LOUISVILLE, Ky. — Police reform is set to come before Louisville's elected leaders once more.

On Monday, the Louisville Metro Council Public Safety Committee unanimously passed an ordinance which will, if approved by the full council, form the Civilian Review and Accountability Board.

What You Need To Know

  • Metro Council's Public Safety Committee proposed the Civilian Review and Accountability Board on Monday

  • Ordinance will be presented to the full Metro Council on Thur., Nov. 19

  • Board would contain 11 members nominated by local, state, federal entities

  • Three law enforcement organizations also have a say in nominations

The board's role, as spelled out in the ordinance, would be as follows:

  • Increasing citizen involvement in the investigation and review of allegations of police misconduct within the Louisville Metro Police Department (LMPD)
  • Providing oversight to the Office of Inspector General as created in LMCO Section 36.78.

The 11-member board would consist of members chosen by the mayor, the council, public nominations, and nominations from prominent organizations including the ACLU, NAACP, Louisville Urban League, Greater Louisville Inc., the University of Louisville Department of Public Health, and The Interdenominational Ministerial Coalition.

An amendment was included to provide three law enforcement organizations — the Kentucky Association of Chiefs of Police, the United States Attorney for the Western District of Kentucky, and the Kentucky Law Enforcement Council — with nominations as well.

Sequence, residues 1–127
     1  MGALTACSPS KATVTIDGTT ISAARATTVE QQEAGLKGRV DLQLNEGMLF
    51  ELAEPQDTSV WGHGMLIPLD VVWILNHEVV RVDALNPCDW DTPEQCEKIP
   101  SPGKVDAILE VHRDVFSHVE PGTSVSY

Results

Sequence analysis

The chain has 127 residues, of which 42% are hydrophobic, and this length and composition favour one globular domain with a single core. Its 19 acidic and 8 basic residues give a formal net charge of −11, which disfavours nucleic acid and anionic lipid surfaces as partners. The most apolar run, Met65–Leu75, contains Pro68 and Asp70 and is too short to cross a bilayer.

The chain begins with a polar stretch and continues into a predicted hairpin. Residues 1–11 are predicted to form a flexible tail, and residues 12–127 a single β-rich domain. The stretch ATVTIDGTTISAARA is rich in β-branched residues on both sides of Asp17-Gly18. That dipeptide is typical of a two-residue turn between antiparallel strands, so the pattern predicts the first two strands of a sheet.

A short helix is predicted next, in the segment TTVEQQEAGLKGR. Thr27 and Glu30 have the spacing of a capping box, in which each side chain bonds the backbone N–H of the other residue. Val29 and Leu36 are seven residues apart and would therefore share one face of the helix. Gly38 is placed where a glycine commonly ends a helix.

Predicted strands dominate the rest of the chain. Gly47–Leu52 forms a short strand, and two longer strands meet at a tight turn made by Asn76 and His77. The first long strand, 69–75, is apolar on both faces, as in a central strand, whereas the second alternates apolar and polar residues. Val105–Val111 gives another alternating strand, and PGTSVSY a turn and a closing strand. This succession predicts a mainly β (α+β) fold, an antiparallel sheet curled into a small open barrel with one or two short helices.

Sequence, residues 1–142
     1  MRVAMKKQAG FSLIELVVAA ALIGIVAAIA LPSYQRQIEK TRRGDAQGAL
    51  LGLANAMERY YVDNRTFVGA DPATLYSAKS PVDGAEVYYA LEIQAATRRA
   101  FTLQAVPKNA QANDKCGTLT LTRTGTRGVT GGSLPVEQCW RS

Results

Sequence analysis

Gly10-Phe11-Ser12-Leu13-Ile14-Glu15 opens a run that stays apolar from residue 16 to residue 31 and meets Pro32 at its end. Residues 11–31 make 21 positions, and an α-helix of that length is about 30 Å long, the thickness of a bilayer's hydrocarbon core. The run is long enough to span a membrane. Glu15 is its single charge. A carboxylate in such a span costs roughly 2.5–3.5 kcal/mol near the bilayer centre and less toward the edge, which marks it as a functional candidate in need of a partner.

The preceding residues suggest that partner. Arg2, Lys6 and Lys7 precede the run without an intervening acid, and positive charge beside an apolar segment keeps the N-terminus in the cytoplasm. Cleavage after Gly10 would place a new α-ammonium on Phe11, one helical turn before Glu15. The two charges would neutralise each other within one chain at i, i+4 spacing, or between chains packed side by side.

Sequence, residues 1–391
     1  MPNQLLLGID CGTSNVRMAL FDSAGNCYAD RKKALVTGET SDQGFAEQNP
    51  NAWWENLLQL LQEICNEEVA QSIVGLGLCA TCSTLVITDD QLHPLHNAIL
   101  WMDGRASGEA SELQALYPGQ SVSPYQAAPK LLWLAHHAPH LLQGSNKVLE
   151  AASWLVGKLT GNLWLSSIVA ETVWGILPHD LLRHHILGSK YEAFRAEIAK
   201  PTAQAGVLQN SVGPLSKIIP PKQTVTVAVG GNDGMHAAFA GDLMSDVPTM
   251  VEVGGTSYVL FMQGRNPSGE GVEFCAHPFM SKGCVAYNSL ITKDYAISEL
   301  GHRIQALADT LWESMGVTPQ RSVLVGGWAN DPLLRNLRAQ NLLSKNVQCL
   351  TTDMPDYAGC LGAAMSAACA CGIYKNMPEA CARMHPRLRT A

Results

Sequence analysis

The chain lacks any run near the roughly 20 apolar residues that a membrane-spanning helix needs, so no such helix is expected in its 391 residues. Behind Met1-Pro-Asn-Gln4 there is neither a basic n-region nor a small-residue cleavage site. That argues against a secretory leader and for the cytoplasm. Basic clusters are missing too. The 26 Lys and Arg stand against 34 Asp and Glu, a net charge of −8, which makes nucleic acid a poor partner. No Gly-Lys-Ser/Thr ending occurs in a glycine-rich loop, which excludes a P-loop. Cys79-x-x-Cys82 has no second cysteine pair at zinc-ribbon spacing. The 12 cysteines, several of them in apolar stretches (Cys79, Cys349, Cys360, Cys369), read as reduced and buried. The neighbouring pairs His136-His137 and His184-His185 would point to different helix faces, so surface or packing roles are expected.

Though the mayor would make only four selections from the list of nine entities, considering law enforcement members for a civilian board did not sit well with those who addressed the committee at Monday's meeting.

"I think the optics and the public perception of allowing three law enforcement agencies to nominate members to what is intended to be an independent civilian review board will be negative," said Scott Dickens, an attorney and former chair of Louisville Police Merit Board.

"There is a fundamental reason why we think citizens should be involved," said Joe Reagan from Impetus For a Better Louisville. "It’s not because they’re experts in policing, but precisely because they are not. Their insight into the daily lives of average citizens in this community is the perspective that the law enforcement agencies need to effectively protect and serve the community."

Another successful amendment would require board members undergo 40 hours of shadowing police, compared to the original 16 proposed for the ordinance.

The law passed unanimously out of the committee and is scheduled to be read before the full council on Thur., Nov. 19.